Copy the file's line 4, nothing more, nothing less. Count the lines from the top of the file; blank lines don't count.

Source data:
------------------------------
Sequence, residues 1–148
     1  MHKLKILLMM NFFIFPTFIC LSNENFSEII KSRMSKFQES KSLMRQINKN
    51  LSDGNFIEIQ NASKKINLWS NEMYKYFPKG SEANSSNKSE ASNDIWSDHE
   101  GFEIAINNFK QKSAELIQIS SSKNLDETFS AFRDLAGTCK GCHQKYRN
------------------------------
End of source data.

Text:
   101  GFEIAINNFK QKSAELIQIS SSKNLDETFS AFRDLAGTCK GCHQKYRN